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tances.

prove the pears to us. The astonishing length that this comet stars to be runs out into empty space, suggests to our minds at im.

an idea of the vast distance between the Sun and mense dis- the nearest fixed stars; of whose attractions all the

comets must keep clear, to return periodically, and go round the Sun; and it shews us also, that the nearest stars, which are probably those that seem the largest, are as big as our Sun, and of the same na. ture with him; otherwise, they could not appear so large and bright to us as they do at such an im. mense distance.

94. The extreme heat, the dense atmosphere, the Inferenc. es drawn gross vapours, the chaotic state of the comets, seem from the at first sight to indicate them altogether unfit for the

.
purposes of animal life, and a most miserable habi-
tation for rational beings; and therefore some* are
of opinion that they are so many hells for torment-
ing the damned with perpetual vicissitudes of heat
and cold. But when we consider, on the other hand,
the infinite power and goodness of the Deity; the
latter inclining, the former enabling him to make
creatures suited to all states and circumstances; that
matter exits only for the sake of intelligent beings;
and that wherever we find it, we always find it preg-
nant with lise, or necessarily subservient thereto;
the numberless species, the astonishing diversity of
animals in earth, air, water, and even on other ani-
mals; cvery blade of grass, every tender leaf, eve-
ry natural fluid, swarming with life; and every one
of these enjoying such gratifications as the nature and
state of each requires : when we reflect, moreover,
that some centuries ago, till experience undeceived
us, a great part of the Earth was adjudged uninhabi.
table; the torrid zone, by reason of excessive heat, and
the two frigid zones because of their intolerable cold;
it seems highly probable, that such numerous and

* Mr. Wurston, in his Astronomical Principles of Religion.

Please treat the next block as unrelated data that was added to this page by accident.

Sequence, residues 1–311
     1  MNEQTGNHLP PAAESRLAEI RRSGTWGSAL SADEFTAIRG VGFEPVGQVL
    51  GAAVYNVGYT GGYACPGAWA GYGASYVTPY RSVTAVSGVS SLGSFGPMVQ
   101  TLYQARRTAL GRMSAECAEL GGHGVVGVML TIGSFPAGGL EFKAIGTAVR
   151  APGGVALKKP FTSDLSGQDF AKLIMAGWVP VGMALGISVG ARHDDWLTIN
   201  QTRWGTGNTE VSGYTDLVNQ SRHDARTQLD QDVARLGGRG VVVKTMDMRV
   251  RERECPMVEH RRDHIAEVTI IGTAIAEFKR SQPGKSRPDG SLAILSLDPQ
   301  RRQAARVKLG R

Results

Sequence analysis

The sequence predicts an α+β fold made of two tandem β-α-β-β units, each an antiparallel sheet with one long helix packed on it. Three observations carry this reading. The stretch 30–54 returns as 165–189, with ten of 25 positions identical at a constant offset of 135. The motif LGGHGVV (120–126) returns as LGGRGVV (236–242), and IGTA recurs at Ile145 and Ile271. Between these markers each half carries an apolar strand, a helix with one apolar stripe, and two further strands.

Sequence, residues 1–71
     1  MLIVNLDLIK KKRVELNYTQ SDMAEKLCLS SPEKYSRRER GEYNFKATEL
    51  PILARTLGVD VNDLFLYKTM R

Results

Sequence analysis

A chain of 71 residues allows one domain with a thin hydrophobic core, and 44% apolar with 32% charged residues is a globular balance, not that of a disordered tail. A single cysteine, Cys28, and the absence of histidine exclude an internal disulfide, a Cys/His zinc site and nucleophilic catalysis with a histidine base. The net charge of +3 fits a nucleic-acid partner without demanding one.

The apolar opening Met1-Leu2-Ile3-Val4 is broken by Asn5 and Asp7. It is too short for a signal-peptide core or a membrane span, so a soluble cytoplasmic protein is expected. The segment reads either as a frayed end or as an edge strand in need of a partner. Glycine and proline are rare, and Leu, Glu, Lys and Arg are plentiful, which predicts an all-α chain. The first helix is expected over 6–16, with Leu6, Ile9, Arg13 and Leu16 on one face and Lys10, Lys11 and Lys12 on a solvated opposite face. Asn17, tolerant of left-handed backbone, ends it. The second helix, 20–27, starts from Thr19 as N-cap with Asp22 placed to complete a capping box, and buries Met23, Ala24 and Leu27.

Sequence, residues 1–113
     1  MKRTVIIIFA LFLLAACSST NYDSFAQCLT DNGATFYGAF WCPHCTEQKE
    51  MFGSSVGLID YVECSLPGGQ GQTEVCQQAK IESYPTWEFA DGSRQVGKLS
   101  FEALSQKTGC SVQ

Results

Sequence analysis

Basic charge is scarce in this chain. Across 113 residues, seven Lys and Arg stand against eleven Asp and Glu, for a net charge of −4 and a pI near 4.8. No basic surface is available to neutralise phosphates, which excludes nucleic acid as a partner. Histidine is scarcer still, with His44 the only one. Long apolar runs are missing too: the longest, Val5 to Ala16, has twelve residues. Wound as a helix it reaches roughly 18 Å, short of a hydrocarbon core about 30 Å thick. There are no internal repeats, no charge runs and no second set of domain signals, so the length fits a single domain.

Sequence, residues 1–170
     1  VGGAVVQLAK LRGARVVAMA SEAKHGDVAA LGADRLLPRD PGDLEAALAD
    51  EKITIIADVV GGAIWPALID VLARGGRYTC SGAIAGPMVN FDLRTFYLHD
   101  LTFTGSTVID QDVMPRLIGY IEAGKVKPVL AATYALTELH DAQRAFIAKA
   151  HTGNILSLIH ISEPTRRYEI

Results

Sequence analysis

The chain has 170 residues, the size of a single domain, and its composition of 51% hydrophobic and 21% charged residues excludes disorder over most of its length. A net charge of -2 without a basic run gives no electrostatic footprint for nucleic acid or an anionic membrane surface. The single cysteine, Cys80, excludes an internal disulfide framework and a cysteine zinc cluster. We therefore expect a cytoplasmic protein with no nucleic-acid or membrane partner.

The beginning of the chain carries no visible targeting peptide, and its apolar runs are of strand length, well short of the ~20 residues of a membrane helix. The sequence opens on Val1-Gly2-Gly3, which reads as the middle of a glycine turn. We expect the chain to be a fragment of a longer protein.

large masses of durable matter as the comets are, however unlike they be to our Earth, are not destitute of beings capable of contemplating with wonder, and acknowledging with gratitude, the wisdom, symmetry, and beauty of the creation ; which is more plainly to be observed in their extensive tour through the heavens, than in our more confined circuit. If farther conjecture be permitted, may we not suppose them instrumental in recruiting the expended fuel of the Sun; and supplying the exhausted moisture of the planets? However difficult it may be, circumstanced as we are, to find out their particular destination, this is an undoubted truth, that wherever the Deity exerts his power, there he also manifests his wisdom and goodness.

ble.

95. THE SOLAR SYSTEM, here described, This sys. is not a late invention; for it was known and taught ancient by the wise Samian philosopher PYTHAGORAS, and deand others among the ancients : but in latter times monstrawas lost, till the 15th century, when it was again restored by the famous Polish philosopher, NichoLAUS COPERNICUS, born at Thorn in the year 1473. In this he was followed by the greatest mathematicians and philosophers that have since lived; as KEPLER, GALILEO, DESCARTES, GASSEN DUS, and Sir ISAAC NEWTON; the last of whom has established this system on such an everlasting foundation of mathematical and physical demonstration, as can never be shaken; and none who understand him can hesitate about it.

96. In the Ptolemean system, the Earth was sup- The Ptoleposed to be fixed in the centre of the universe ; mean sysand the Moon, Mercury, Venus, the Sun, Mars, surd. Jupiter, and Saturn, to move round the Earth. Above the planets, this hypothesis placed the firmament of stars, and then the two crystalline spheres: all which were included in and received motion from the primum mobile, which constantly

K

chonic

revolved about the Earth in 24 hours from east to west. But as this rude scheme was found incapable of standing the test of art and observation, it was soon rejected by all true philosophers; notwithstanding the opposition and violence of blind

and zealous bigots. The 'Ty. 97. The Tychonic system succeeded the Ptolosystem

mean, but was never so generally received. In this partly the Earth was supposed to stand still in the centre true, and of the universe or firmament of stars, and the Sun partly false. to revolve about it every 24 hours; the planets,

Mercury, Venus, Mars, Jupiter, and Saturn, going round the Sun in the times already mentioned. But some of Tycho's disciples supposed the Earth to have a diurnal motion round its axis, and the Sun with all the above planets to go round the Earth in a year; the planets moving round the Sun in the aforesaid times. This hypothesis being partly true and partly false, was embraced by few; and soon gave way to the only true and rational system, restored by COPERNICUS, and demonstrated by Sir Isaac Newton.

98. To bring the foregoing particulars into one point of view, with several others which follow, concerning the periods, distances, magnitudes, &c. of the planets, the following table is inserted.